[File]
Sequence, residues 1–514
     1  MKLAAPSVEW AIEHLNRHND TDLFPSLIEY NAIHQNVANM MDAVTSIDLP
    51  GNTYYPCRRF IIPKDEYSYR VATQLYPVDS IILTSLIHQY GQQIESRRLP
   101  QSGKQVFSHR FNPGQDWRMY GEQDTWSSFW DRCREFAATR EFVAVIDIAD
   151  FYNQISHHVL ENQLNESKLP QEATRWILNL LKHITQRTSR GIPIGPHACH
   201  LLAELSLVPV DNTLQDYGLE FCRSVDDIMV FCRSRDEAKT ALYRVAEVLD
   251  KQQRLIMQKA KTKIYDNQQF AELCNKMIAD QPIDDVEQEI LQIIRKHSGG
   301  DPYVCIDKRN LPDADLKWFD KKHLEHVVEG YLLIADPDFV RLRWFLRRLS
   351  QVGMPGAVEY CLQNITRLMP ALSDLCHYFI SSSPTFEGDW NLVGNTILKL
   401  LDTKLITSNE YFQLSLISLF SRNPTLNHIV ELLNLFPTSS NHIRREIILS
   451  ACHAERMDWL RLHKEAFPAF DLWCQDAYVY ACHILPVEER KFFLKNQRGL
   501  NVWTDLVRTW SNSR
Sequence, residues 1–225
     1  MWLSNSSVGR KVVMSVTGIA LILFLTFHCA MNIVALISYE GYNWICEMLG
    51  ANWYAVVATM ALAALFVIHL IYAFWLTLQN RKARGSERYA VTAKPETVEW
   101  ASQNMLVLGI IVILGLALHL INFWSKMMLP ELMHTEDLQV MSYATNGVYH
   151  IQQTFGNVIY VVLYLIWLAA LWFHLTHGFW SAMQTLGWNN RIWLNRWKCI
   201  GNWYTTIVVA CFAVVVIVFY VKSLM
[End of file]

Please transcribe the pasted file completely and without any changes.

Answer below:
Sequence, residues 1–514
     1  MKLAAPSVEW AIEHLNRHND TDLFPSLIEY NAIHQNVANM MDAVTSIDLP
    51  GNTYYPCRRF IIPKDEYSYR VATQLYPVDS IILTSLIHQY GQQIESRRLP
   101  QSGKQVFSHR FNPGQDWRMY GEQDTWSSFW DRCREFAATR EFVAVIDIAD
   151  FYNQISHHVL ENQLNESKLP QEATRWILNL LKHITQRTSR GIPIGPHACH
   201  LLAELSLVPV DNTLQDYGLE FCRSVDDIMV FCRSRDEAKT ALYRVAEVLD
   251  KQQRLIMQKA KTKIYDNQQF AELCNKMIAD QPIDDVEQEI LQIIRKHSGG
   301  DPYVCIDKRN LPDADLKWFD KKHLEHVVEG YLLIADPDFV RLRWFLRRLS
   351  QVGMPGAVEY CLQNITRLMP ALSDLCHYFI SSSPTFEGDW NLVGNTILKL
   401  LDTKLITSNE YFQLSLISLF SRNPTLNHIV ELLNLFPTSS NHIRREIILS
   451  ACHAERMDWL RLHKEAFPAF DLWCQDAYVY ACHILPVEER KFFLKNQRGL
   501  NVWTDLVRTW SNSR
Sequence, residues 1–225
     1  MWLSNSSVGR KVVMSVTGIA LILFLTFHCA MNIVALISYE GYNWICEMLG
    51  ANWYAVVATM ALAALFVIHL IYAFWLTLQN RKARGSERYA VTAKPETVEW
   101  ASQNMLVLGI IVILGLALHL INFWSKMMLP ELMHTEDLQV MSYATNGVYH
   151  IQQTFGNVIY VVLYLIWLAA LWFHLTHGFW SAMQTLGWNN RIWLNRWKCI
   201  GNWYTTIVVA CFAVVVIVFY VKSLM